On my almost daily 4 mile walk up Bald Hill Road and back again, I regularly see or hear a handful of birds. White-breasted nuthatches, downy woodpeckers, American goldfinches, tufted titmice, and increasingly cardinals and red-bellied woodpeckers, are the most common. This fits with the trends just released in a new report -- The State of New Hampshire's Birds.
Pam Hunt of New Hampshire Audubon did an exhaustive review of the population trends of the 186 species of birds that breed in the state. The trends are a mixed bag. Sixty-nine species are increasing or stable. These tend to be birds that live here year-round or migrate a short distance, only as far as the southern U.S. This batch includes the six birds that I see regularly on my Bald Hill walk, since I see them year-round.
Another 65 breeders are declining. These birds typically migrate long distances to Central and South America or the Caribbean. Many are ground nesters, or feed on the wing for insects, or require large areas of forest. Many nest in grassy fields or shrub thickets. The balance of the breeding birds -- 52 species -- have uncertain or unknown population trends.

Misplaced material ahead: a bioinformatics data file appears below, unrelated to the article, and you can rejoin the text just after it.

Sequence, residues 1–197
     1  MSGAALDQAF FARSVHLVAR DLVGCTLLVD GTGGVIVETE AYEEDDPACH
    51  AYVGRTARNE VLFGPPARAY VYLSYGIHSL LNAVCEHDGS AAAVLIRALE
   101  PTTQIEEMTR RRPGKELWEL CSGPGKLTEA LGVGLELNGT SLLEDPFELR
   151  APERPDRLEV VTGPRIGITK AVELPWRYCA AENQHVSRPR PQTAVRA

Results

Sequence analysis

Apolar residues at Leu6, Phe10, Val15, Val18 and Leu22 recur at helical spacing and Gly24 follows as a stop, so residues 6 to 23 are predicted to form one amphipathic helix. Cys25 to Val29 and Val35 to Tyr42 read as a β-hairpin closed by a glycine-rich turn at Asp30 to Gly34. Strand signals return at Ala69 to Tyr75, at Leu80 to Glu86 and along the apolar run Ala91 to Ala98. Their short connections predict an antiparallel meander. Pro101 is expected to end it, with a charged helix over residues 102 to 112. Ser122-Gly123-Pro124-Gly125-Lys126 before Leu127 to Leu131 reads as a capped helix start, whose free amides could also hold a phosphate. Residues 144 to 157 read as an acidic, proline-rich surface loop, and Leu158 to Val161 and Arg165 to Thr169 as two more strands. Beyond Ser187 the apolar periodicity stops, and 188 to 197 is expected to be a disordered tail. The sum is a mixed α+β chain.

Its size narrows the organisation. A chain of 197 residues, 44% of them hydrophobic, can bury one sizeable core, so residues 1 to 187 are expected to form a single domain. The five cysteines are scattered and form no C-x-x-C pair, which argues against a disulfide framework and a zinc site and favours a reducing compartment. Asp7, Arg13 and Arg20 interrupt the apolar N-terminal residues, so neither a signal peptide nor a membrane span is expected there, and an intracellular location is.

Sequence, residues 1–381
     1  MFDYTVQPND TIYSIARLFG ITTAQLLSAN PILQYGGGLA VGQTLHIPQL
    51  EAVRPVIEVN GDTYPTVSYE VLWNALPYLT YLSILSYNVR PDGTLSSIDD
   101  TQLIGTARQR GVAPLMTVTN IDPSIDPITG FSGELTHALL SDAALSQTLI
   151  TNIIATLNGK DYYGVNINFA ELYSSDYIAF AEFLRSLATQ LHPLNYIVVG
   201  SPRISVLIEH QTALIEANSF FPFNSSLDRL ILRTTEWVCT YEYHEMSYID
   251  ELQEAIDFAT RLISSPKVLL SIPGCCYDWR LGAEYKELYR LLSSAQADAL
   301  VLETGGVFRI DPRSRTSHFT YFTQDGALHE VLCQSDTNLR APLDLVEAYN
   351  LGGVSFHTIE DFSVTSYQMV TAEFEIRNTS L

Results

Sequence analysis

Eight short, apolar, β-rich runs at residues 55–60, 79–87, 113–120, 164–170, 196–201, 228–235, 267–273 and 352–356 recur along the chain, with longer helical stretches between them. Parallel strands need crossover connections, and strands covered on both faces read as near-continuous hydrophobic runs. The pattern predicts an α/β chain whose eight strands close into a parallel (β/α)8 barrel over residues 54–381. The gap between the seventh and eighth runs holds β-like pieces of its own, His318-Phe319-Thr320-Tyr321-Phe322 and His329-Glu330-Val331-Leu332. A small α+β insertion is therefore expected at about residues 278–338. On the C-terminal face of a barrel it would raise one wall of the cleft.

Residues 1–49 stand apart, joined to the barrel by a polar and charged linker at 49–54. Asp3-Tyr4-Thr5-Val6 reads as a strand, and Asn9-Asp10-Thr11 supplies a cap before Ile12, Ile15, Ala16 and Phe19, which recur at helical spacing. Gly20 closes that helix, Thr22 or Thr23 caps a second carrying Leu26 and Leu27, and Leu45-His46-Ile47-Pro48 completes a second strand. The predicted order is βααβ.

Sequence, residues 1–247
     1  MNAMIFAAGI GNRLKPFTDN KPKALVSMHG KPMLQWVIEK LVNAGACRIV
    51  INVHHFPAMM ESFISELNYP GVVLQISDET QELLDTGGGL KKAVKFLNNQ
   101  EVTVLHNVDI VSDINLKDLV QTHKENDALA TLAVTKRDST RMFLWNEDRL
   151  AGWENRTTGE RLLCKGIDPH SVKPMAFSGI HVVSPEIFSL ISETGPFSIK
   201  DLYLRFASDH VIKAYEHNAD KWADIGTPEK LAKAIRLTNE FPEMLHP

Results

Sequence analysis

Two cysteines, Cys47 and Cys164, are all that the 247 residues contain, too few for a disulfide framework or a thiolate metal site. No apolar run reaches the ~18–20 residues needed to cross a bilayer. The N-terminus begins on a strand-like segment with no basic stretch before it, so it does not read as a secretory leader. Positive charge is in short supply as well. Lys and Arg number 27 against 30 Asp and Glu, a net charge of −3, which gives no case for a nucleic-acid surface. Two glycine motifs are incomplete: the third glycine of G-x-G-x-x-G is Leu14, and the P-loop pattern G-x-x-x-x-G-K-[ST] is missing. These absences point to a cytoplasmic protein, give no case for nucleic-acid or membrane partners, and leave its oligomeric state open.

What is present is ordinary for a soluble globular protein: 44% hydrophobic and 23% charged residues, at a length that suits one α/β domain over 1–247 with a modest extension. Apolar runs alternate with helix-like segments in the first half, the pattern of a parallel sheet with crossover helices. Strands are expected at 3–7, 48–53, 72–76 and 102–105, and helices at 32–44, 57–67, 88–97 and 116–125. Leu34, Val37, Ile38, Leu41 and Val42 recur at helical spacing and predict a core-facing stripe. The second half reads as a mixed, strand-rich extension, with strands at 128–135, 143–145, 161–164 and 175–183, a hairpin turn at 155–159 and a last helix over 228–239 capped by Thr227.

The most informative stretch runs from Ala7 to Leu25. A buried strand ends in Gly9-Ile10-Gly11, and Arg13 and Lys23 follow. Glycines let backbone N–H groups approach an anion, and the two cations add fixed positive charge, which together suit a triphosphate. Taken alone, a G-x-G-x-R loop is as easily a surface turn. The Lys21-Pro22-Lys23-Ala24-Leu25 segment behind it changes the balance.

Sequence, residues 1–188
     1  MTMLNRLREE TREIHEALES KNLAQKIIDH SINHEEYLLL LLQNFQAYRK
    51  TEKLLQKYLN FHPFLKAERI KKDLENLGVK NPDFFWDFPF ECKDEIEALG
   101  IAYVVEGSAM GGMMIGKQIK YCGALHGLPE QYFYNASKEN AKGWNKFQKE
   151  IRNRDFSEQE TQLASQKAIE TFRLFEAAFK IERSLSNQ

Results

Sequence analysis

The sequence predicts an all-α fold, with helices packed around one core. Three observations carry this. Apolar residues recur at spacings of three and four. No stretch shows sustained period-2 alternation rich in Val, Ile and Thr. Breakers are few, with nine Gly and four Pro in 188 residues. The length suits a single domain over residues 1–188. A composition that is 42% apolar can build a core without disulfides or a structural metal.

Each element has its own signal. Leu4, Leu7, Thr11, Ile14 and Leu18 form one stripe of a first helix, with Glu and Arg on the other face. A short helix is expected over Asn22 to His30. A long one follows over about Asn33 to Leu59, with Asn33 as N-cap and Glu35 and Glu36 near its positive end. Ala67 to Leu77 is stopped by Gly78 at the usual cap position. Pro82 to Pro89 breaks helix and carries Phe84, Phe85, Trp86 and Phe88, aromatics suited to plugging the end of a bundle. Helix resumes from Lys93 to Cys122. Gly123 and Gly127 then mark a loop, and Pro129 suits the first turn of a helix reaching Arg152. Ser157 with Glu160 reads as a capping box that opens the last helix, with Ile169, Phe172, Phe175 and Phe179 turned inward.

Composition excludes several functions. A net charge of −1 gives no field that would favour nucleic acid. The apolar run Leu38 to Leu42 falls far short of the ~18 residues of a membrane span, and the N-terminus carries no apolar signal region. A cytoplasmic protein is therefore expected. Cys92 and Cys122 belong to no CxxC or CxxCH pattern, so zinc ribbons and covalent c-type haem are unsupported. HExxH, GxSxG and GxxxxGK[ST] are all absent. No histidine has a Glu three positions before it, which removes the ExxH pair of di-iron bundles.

Overall, about one-third are doing okay, one-third are declining, and for a bit less than one-third of the species we don't know enough to say. Here is a table from the Report showing bird trends by habitat type.
A lot of birds that require shrubs are declining. These are birds that did well after farms were abandoned in the late 1800s. Abandoned pastures, row crops, and hayfields were left fallow and over a decade or more became "old fields," grown in with shrubs and small trees. By the mid 1990s, many of these old fields had succeeded to forest or were developed into houses, roads, or commercial sites, with the trend continuing to present time. As a result we are seeing fewer cuckoos, nighthawks, whip-poor-wills, kingbirds, catbirds, mockingbirds, field and song sparrows, house wrens, woodcock and grouse, among others. Only a few shrub birds are increasing or stable: American goldfinch, cardinal, willow flycatcher, and indigo bunting.
I was curious what other birds that I see regularly around my yard or on my walks are showing population increases. The report shows that these "regular birds of mine" are doing okay: wild turkey, turkey vulture, Cooper's hawk, pileated woodpecker, crow and raven, eastern bluebird, mourning dove, and pine warbler. I was surprised to read that blue jay, northern flicker, Baltimore oriole, scarlet tanager, veery, grackle, and dark-eyed junco are in decline.
The causes for bird declines are varied and sometimes unknown. Loss of habitat to development, natural changes in habitat, pesticides, predators, high levels of mercury, acid rain, excessive logging, and a raft of other issues could be affecting birds. There is no one cause. Birds that travel thousands of miles to avoid winter here, face multiple pressures as they fly to and fro. These birds will be arriving soon. I'll be paying more attention this year, to see who is up and who is down.